The title of Ashford and Simpson?s “Ain’t Nothing Like the Real Thing” remains the yardstick of R&B. Sharon Jones and the Dap-Kings?s 100 Days 100 Nights, featuring a veteran singer who sounds like old school soul circa 1972 is part of her very DNA, revels in feel, a quality that just can?t be faked. Jones, who after a promising start in the 1970s, dropped out of the music business — eventually becoming a Rikers Island corrections officer before her return in the 90s — has the kind of mighty vocal assurance that announces itself from the first note on. Yet what best confirms her as the genuine article is the ability to hold back a voluminous voice to best effect; a classic quality that separates her from the mellisma — obsessed showoffs that clog today?s airwaves. 100 Days is Jones?s third collaboration with the Dap-Kings, and the palpable comfort between singer and band is one of the album?s greatest joys. The Daps had a recent sprinkling of second-hand glory when producer Mark Ronson turned to them while crafting Brit-pop sensation Amy Winehouse?s Back to Black to achieve a sound that no modern technology could conjure up. The Dap- Kings may be for hire, but playing with Jones must feel like coming home for them. –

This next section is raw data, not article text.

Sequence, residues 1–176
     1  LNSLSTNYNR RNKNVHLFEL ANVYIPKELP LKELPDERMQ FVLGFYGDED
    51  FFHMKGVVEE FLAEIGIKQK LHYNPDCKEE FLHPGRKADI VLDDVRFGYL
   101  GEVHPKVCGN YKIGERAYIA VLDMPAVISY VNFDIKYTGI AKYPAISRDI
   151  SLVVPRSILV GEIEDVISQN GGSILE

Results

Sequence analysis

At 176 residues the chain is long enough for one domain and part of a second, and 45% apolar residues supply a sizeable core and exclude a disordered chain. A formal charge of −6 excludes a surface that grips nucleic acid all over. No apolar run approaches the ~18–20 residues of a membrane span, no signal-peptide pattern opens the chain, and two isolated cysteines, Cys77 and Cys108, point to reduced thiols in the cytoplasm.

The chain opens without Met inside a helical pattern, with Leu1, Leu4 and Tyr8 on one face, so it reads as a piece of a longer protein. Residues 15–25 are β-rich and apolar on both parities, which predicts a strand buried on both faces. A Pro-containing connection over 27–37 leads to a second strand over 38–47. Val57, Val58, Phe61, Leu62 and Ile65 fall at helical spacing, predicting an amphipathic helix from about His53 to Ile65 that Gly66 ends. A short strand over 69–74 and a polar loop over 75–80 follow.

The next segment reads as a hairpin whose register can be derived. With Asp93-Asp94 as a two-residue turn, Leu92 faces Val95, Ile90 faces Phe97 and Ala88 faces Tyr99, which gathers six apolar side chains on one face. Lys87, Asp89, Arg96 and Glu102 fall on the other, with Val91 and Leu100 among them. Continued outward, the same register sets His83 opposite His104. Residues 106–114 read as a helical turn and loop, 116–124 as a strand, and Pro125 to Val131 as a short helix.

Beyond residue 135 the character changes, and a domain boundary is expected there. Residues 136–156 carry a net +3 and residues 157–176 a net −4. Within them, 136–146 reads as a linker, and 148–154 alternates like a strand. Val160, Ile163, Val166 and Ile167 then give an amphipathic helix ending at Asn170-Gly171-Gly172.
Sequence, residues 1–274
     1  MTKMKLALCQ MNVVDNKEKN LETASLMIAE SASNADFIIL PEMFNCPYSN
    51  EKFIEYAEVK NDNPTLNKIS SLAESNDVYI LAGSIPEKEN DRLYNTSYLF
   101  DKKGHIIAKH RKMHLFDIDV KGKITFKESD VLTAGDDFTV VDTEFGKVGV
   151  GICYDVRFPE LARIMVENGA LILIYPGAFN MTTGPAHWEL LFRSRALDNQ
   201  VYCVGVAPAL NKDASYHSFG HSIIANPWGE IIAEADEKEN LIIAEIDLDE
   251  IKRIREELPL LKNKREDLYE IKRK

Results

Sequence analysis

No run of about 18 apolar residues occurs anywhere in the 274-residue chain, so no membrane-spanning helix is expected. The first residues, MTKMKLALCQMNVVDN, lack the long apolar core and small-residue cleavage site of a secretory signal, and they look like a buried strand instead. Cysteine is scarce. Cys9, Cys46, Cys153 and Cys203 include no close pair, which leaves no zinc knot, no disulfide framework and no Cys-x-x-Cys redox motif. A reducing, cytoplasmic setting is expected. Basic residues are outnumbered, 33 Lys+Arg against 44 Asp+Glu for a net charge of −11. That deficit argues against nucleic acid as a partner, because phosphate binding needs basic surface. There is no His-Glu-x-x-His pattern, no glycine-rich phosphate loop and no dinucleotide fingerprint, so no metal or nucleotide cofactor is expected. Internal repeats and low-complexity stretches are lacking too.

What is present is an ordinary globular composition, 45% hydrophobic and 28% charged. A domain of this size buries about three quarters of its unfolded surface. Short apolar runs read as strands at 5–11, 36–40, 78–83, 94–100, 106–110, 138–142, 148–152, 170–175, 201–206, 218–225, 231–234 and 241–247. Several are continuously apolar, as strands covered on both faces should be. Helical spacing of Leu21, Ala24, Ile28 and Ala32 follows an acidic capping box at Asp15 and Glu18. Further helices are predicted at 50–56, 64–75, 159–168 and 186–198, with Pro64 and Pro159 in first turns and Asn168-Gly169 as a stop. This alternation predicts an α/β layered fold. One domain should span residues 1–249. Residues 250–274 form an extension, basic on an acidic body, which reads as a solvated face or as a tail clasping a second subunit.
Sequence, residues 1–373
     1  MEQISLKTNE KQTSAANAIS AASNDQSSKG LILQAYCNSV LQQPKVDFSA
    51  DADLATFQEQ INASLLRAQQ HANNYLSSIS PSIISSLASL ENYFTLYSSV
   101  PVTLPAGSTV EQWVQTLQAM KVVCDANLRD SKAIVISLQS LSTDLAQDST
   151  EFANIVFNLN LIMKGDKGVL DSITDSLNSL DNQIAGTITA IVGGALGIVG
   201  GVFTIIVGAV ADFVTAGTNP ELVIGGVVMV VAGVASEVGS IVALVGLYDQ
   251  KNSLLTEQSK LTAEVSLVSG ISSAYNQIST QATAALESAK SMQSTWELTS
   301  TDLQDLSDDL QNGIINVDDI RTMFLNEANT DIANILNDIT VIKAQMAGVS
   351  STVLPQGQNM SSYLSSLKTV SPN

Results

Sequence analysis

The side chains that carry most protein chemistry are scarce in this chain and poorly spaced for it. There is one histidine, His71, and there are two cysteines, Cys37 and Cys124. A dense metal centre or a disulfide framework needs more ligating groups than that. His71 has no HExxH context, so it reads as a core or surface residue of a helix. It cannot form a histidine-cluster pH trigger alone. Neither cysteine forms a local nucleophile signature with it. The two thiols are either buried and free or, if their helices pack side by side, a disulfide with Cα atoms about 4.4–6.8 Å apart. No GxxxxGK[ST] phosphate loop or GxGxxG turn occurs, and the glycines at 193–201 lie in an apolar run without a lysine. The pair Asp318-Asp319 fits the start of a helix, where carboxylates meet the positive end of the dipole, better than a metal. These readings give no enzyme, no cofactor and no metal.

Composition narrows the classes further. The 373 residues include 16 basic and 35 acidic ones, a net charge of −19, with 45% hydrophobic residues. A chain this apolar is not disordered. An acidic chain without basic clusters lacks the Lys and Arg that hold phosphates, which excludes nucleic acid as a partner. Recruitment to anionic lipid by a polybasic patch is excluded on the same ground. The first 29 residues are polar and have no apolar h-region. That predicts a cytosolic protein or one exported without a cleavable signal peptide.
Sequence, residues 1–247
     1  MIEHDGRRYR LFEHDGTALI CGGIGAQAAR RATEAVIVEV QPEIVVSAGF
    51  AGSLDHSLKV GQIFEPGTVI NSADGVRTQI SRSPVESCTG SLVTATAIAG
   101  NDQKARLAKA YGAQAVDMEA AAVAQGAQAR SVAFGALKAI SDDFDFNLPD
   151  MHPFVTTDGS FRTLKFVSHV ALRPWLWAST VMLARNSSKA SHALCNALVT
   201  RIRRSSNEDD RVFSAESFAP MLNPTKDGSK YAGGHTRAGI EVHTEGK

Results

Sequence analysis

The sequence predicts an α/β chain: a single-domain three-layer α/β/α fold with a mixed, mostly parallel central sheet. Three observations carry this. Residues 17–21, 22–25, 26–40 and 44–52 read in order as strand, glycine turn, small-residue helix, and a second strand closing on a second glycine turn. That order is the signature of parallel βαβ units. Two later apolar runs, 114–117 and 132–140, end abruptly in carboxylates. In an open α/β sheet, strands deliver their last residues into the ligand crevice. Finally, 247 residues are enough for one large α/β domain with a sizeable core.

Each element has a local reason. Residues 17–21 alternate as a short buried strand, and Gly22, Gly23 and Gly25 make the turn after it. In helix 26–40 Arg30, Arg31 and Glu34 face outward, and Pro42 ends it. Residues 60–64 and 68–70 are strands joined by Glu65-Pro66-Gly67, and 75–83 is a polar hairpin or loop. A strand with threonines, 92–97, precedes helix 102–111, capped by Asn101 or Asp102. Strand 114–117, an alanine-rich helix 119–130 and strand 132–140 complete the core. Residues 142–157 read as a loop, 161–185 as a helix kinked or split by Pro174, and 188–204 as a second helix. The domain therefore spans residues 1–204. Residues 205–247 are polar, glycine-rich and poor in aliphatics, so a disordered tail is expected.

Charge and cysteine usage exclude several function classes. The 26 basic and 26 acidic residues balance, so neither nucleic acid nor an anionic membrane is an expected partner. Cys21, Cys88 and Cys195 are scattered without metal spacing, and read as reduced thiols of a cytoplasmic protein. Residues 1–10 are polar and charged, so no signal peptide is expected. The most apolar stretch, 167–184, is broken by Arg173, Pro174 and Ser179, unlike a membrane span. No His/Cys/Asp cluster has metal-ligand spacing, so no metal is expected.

About the Author
Steve Futterman writes the "Jazz and Standards" listings for The New Yorker.